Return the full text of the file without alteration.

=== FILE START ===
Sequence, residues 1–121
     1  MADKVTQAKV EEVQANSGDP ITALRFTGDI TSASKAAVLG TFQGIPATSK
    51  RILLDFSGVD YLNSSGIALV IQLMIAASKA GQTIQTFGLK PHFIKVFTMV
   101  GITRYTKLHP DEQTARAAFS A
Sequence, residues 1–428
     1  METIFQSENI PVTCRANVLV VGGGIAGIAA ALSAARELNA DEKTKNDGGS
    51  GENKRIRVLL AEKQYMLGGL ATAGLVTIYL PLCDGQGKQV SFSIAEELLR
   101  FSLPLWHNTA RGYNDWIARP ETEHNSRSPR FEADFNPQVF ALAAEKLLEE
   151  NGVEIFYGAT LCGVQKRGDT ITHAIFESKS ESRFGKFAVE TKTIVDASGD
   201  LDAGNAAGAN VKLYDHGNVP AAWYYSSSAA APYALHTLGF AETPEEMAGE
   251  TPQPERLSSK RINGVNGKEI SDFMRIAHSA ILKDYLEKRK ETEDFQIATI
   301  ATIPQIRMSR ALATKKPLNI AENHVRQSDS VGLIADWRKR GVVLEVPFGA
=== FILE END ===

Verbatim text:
Sequence, residues 1–121
     1  MADKVTQAKV EEVQANSGDP ITALRFTGDI TSASKAAVLG TFQGIPATSK
    51  RILLDFSGVD YLNSSGIALV IQLMIAASKA GQTIQTFGLK PHFIKVFTMV
   101  GITRYTKLHP DEQTARAAFS A
Sequence, residues 1–428
     1  METIFQSENI PVTCRANVLV VGGGIAGIAA ALSAARELNA DEKTKNDGGS
    51  GENKRIRVLL AEKQYMLGGL ATAGLVTIYL PLCDGQGKQV SFSIAEELLR
   101  FSLPLWHNTA RGYNDWIARP ETEHNSRSPR FEADFNPQVF ALAAEKLLEE
   151  NGVEIFYGAT LCGVQKRGDT ITHAIFESKS ESRFGKFAVE TKTIVDASGD
   201  LDAGNAAGAN VKLYDHGNVP AAWYYSSSAA APYALHTLGF AETPEEMAGE
   251  TPQPERLSSK RINGVNGKEI SDFMRIAHSA ILKDYLEKRK ETEDFQIATI
   301  ATIPQIRMSR ALATKKPLNI AENHVRQSDS VGLIADWRKR GVVLEVPFGA